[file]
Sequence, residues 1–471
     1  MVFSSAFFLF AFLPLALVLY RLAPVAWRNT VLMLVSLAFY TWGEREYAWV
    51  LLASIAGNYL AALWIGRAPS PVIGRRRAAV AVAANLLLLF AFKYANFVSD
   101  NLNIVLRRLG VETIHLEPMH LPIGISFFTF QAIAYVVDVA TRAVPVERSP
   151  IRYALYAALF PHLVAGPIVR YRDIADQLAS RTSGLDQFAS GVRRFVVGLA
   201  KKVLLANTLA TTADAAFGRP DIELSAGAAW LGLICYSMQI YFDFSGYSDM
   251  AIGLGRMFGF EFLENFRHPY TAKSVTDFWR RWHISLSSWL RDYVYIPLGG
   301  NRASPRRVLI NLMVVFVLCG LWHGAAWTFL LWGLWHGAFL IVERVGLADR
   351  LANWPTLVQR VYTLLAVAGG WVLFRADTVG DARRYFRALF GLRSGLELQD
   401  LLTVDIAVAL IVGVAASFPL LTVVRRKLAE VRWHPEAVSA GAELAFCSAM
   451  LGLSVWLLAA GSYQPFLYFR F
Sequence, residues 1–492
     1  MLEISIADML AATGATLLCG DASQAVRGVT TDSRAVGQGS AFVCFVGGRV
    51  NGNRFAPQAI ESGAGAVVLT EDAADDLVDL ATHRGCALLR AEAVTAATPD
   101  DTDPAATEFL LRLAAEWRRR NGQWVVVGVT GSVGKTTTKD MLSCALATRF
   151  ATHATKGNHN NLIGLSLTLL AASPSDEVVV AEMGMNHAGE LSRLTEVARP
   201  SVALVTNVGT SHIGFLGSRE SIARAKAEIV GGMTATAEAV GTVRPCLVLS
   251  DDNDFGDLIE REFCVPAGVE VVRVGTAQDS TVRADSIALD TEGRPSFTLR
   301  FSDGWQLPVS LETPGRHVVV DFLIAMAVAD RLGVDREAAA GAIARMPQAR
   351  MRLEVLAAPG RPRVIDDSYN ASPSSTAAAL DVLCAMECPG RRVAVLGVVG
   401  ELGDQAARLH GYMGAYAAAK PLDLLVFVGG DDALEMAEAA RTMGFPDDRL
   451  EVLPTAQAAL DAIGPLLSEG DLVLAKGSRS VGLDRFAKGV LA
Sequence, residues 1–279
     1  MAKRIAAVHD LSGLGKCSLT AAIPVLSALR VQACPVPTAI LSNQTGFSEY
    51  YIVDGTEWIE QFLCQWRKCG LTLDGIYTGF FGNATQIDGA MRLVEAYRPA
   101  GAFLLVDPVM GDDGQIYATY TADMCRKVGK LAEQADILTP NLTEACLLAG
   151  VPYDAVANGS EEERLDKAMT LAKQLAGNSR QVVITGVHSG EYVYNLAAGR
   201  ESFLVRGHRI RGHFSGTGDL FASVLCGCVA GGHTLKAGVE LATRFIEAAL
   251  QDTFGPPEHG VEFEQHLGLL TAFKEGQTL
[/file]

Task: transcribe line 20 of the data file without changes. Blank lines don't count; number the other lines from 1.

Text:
   351  MRLEVLAAPG RPRVIDDSYN ASPSSTAAAL DVLCAMECPG RRVAVLGVVG